Netherlands Dev’t Cooperation Keen to Continue Supporting Expansion of Biogas in Ethiopia 

The Netherlands Development Cooperation (SNV) is eager to continue supporting the expansion of biogas development programs in Ethiopia, SNV Biogas Dissemination Scale-Up Programme team leader Carlos Bueso told ENA.

The team leader noted that this technology is a priority for the Government of Ethiopia which has planned to install 160,000 biodigesters by 2030 with the view to providing clean energy for rural farmers.

The Netherlands Development Cooperation, which working in Ethiopia focusing on agri-food, energy, and water whilst scaling up biogas dissemination since 2017, is eager to support this ambitious plan as biogas technology has multiple benefits for farmers at household level, Bueso said.

The overall objective of the program was to improve the living standard of farmers and families in 9 regions of Ethiopia.

The team leader noted that biogas technology makes available sustainable and clean cooking for farmers and families.

At the same time, the biodigester is not only about clean cooking but also about sanitation as the biodigester is linked to the toilet and used as a solution for sanitation.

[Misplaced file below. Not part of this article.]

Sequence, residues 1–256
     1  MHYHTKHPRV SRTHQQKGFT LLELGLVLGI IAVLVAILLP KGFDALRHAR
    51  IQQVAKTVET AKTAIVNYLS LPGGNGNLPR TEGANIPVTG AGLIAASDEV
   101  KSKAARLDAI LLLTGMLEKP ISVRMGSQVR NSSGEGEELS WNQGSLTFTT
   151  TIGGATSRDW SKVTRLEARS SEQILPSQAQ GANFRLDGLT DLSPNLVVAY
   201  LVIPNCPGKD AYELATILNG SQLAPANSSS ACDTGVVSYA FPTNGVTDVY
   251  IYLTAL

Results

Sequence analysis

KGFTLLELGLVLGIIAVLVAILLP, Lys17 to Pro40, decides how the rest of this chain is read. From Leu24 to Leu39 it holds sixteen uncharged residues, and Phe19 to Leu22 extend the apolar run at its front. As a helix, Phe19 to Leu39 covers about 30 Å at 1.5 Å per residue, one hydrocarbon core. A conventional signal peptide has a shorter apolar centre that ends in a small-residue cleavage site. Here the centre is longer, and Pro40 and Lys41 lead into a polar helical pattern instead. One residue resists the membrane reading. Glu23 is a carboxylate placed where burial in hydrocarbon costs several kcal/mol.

“Biodigester mainly produces a strong, powerful, effective, and affordable organic fertilizer, which improves the yield production, the soil fertility, and soil health of the farmers. So, it’s a multi-benefit technology that is improving life standards for all these families in the 9 regions.”

The project has installed over 25,000 digesters in the nine regions since 2017.

Bueso noted that “the potential of biogas in Ethiopia is huge because the potential of the livestock sector is quite big. The biogas potential is more than 4 million digesters in Ethiopia that can be installed… That’s around 23 % of the total population of Ethiopia.”

Scaling up the energy alternative approach will play a crucial role in boosting production and productivity as a large number of the population has been living without adequate power accessibility.

More than 90 percent of Ethiopians are still dependent on solid biomass for cooking which has adverse effects on the environment, it was learned.

Despite challenges in terms of access to clean cooking, this technology can be a breakthrough that the country is looking for, according to Carlos.

He further stated that the third phase of the Biogas Dissemination Scale-Up Programme in Ethiopia (NBPE+) which closed last week was successful as it has created more than 2,000 green jobs and supported over 300 enterprises to support or to build biodigesters.

The Netherlands Development Cooperation (SNV) is working in Ethiopia by focusing on agri-food, and energy, whilst scaling up biogas dissemination.

Source: ENA

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